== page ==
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Aug29

Ideas We Love: How to Keep Little Guests Entertained

 

A “Little Guest” at Jami and D.J.’s 2010 Wedding Reception at Akron City Centre.  Photo by David Abel Photography.

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In addition to being a DJ, MC, and lighting designer, I’m also a (very) new mom, so believe me when I say “I love children.”  Problem is — sometimes children struggle to find their place at an adult party.  It’s not that they’re bad, it’s that — plain and simple — they’re bored.  As an entertainer, I have watched many a young guest battle with boredom at an adult-geared celebration.  The fact is, as riveting as cocktail hours, toasts, and fancy dinners may be to those of us at the “grown-up” tables, it can be difficult for children to relate to this kind of social gathering, and bored kids can equal fast trouble — for everyone.

Obviously, your youngest guests don’t throw kinks in your wedding day because they mean to, but it’s important to plan for them, just the same. They are an entirely different demographic, all together, after all!  The good news is: preventing their boredom is relatively uncomplicated. Remember: their needs are simple, and so is providing an outlet, even without the “Hokey Pokey!”

Even though it is a growing wedding trend today to have “adult only” celebrations (and not invite children), I want to share a bit of the advice I offer to couples who hire us to DJ, MC, or provide uplighting and lightscaping for their special events. Included also is the advice from one of my many trusted local wedding planner friends.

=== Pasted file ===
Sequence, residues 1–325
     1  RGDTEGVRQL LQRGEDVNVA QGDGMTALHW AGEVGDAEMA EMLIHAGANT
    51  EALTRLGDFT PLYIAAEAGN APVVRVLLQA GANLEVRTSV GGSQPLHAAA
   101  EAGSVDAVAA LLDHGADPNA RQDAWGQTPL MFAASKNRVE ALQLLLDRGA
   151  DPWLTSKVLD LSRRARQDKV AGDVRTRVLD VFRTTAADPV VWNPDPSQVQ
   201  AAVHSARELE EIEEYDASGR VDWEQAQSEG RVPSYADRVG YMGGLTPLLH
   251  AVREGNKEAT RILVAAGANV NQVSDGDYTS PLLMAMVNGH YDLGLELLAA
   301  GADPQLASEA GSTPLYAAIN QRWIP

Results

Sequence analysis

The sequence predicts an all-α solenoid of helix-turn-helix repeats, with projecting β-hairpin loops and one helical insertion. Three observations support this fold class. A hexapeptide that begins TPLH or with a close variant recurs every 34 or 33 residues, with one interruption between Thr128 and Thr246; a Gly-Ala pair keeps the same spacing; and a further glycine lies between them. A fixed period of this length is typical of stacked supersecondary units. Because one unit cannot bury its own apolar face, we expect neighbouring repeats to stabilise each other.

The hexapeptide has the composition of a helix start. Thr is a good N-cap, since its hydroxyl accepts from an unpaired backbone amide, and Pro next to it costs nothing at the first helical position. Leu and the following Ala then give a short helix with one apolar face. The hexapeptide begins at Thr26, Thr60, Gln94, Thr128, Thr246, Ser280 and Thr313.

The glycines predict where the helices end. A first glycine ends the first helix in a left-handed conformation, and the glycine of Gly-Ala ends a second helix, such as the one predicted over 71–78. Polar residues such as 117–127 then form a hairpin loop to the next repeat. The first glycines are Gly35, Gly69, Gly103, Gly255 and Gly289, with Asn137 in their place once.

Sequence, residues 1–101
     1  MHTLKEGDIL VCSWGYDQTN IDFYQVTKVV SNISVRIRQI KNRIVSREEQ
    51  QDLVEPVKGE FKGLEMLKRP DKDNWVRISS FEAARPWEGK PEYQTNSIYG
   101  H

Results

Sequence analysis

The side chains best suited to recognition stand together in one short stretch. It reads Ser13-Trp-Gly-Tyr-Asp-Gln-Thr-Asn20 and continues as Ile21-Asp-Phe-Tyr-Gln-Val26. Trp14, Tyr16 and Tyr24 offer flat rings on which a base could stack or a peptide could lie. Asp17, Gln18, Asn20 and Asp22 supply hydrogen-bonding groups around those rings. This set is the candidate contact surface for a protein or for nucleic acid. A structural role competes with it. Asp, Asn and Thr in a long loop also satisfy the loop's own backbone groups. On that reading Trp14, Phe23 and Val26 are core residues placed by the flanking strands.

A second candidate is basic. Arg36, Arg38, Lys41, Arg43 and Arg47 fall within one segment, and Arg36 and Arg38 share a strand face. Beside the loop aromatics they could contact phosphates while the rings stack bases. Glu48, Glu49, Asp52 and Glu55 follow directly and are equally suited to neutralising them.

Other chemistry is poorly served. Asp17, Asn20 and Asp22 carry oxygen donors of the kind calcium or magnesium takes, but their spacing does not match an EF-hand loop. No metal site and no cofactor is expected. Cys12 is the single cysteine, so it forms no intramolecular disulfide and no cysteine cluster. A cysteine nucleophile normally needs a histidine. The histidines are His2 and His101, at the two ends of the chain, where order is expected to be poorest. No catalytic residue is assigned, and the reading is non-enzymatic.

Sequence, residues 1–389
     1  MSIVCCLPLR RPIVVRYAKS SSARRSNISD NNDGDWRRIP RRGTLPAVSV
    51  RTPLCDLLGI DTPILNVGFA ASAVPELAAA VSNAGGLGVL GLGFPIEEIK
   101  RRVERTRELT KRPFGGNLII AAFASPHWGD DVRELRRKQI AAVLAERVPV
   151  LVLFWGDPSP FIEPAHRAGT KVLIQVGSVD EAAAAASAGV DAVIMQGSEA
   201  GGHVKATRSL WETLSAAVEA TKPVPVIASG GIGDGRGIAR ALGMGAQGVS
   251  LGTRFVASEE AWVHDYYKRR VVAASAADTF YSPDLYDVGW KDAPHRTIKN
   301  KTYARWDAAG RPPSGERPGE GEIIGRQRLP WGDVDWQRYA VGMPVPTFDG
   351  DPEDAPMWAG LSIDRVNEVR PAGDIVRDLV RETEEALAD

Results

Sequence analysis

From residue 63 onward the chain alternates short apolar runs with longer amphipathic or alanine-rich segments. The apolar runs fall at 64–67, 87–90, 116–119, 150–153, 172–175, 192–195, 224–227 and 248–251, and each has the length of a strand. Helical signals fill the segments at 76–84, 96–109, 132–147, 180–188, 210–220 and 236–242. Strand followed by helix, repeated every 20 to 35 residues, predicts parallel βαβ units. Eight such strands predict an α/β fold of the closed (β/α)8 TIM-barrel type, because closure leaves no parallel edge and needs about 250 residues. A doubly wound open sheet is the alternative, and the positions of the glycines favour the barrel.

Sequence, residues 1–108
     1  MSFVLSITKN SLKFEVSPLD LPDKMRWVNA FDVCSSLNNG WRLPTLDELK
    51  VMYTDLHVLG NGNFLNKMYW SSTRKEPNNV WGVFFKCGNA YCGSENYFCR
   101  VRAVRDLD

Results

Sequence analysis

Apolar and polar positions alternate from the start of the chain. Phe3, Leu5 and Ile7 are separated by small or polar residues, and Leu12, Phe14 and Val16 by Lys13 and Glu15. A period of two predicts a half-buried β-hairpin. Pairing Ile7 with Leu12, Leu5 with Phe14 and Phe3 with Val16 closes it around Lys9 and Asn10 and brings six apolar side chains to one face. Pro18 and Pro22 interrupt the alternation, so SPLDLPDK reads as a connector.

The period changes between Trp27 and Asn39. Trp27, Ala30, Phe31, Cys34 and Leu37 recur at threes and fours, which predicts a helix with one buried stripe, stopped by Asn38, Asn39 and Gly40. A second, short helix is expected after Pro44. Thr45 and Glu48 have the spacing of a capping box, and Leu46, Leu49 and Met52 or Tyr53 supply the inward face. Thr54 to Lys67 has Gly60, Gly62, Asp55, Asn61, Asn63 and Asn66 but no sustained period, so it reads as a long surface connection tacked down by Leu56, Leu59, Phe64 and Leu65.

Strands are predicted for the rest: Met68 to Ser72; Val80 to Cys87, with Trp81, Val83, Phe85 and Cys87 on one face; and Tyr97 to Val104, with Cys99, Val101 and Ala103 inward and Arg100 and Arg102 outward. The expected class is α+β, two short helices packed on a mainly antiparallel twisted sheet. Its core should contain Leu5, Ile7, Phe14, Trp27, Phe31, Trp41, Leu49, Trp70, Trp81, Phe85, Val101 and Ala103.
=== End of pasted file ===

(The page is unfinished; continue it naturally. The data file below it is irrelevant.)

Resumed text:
Here are some dos (and stay tuned for some don’ts):

  • DO: Provide coloring books and crayons, quilt squares and fabric markers and other crafty fun. Consider giving each child their very own welcome basket of goodies.  That way, there’s no chance of disputes over crayons.
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  • DO: Serve a special menu for children that they’re likely to enjoy (because, as delicious as that gorgeous duet of bleu-cheese-topped filet and jumbo shrimp surf-and-turf is, the truth is: they’re much more likely to prefer the chicken nuggets). Try serving grilled chicken, macaroni and cheese, or even pizza accompanied by recognizable vegetables. Keep seasoning to a minimum, keep ketchup-friendly foods to a maximum and remember how much you loved ice cream and pasta when you were their age.
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  • DO: Hire someone to provide babysitting during your wedding and reception.  That way, you can enjoy an adult-only party, but parents won’t have to find a sitter or leave their little ones behind (two of the most common objections of moms and dads who decline an invite because of an adults-only note).  Imagine your kids with friends dancing the night away unencumbered by worries about how the kids are — they’re in the next room, and they can check on them any time they want!
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  • DO: Get serious about creating a party just for them — bouncy castles, video game buses, and craft centers are a great way to keep them entertained and happy about spending time at your party.